The redeveloped Northcote Aquatic and Recreation Centre is ready for business, just in time for the summer.
Originally built in 1968, the aquatic facility located in Melbourne’s northern suburbs went through a complete renewal, with the $63.5 million redevelopment designed by Warren and Mahoney focussed on creating improved health and wellbeing outcomes for the community.
The City of Darebin recently opened the Northcote Aquatic and Recreation Centre (NARC), unveiling an aspirational new benchmark that represents the next generation in community aquatic facilities with 100% electric operations. Designed around community, sustainability and ecological balance, NARC is the blueprint for future aquatic leisure hubs.
Spread across an area of 8,100 square metres, the fit-for-purpose centre includes an indoor learn-to-swim pool, 25m lap pool, kids’ splash park, adult bathing area with sauna and steam rooms, a café, separate spaces for group exercise, and a 50m outdoor pool set amongst native plantings and a grove of longstanding gumtrees.
Warren and Mahoney’s design for NARC responds to the City of Darebin’s declared state of climate emergency, with the 6-Star Green Star facility stepping away from the traditional reliance on gas and using electrical heat pumps that harness solar energy during the day, while a Power Purchasing Agreement (PPA) provides renewably sourced power during the evening.
According to Warren and Mahoney associate principal and project architect, Brett Diprose, the centre’s design, which is built on delivering exemplary leisure facilities and sustainability, also prioritises inclusion.
“Accessibility and balance are ideas that sit at the heart of this design and have been executed brilliantly by our construction partners, KANE. The breadth of facilities, the layout – including a specific adult-only bathing area, expansive foyer café and sprawling grounds surrounding the outdoor pool – enables this centre to truly act as a community hub,” Diprose explains.
"Landscaping, delivered by Normark Landscapes and designed by Arcadia Landscape Architecture, is meticulously delivered. Internally, the selected materials offer a cool, light-colour palette to create a relaxing environment. The children's splash park features playful platypus motifs, within a stylised riparian environment to create a brightly coloured playground.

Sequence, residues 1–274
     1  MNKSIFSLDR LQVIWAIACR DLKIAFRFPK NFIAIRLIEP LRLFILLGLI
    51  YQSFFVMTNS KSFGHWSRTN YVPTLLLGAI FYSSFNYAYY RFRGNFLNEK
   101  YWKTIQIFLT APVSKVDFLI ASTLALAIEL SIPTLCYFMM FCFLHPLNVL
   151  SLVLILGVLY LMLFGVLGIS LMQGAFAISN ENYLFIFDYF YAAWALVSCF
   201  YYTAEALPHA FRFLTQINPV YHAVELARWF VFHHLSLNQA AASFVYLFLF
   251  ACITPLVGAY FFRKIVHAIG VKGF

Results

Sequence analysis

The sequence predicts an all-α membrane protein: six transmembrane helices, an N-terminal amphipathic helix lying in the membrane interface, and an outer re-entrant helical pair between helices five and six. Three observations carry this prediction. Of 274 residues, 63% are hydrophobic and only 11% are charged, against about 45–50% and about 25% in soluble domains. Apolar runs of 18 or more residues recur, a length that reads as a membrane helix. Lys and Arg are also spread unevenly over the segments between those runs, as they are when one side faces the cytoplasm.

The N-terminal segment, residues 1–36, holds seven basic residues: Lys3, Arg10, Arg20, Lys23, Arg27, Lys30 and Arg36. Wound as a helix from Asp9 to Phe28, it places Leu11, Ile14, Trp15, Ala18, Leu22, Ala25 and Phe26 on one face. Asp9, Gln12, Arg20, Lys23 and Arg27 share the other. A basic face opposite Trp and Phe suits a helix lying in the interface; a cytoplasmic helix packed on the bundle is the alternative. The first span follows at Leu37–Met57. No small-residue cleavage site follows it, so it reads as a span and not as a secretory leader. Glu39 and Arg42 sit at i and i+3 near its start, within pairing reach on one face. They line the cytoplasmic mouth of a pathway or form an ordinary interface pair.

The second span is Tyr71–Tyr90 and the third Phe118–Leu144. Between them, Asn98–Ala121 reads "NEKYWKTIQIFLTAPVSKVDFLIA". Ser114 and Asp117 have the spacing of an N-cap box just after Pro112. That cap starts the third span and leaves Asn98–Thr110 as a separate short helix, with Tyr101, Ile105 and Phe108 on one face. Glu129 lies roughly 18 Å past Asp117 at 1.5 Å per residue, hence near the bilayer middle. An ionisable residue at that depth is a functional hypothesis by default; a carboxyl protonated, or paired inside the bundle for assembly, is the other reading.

“The commitment to the ecological balance is symbolically marked with the large kingfisher on the external façade of the building. During our project consultation with Wurundjeri elders, we came to learn of how the kingfisher will select their home; they will only create a nest in a place where there is ecological balance. And that is what the design and operations of this facility aim to deliver."
The facility also accommodates multipurpose spaces for gym equipment, exercise classes, spin classes, a child safe program with a secure dedicated landscape environment, and community groups to meet. The materials palette has a natural focus with mass timber being used for the structure of the main swimming hall and its striking timber ceiling.
Mayor of Darebin, Cr Julie Williams said that NARC’s opening aligned with Council’s commitment to expand opportunities for participation and social connection through sport, physical activity, and other leisure activities.
"NARC is designed for the whole community. It's a fully accessible facility with ramps into all pools and a lift to the first floor. The facility will also include change rooms with dedicated spaces for accessibility,” Williams said.
"The facility is targeting a 6 Star Green Star rating, demonstrating Council’s commitment to – and leadership in – climate action, and in delivering innovative environmentally sustainable projects.”
Facilities management company Clublinks will be operating the facility for the City of Darebin.
Photos by Tom Roe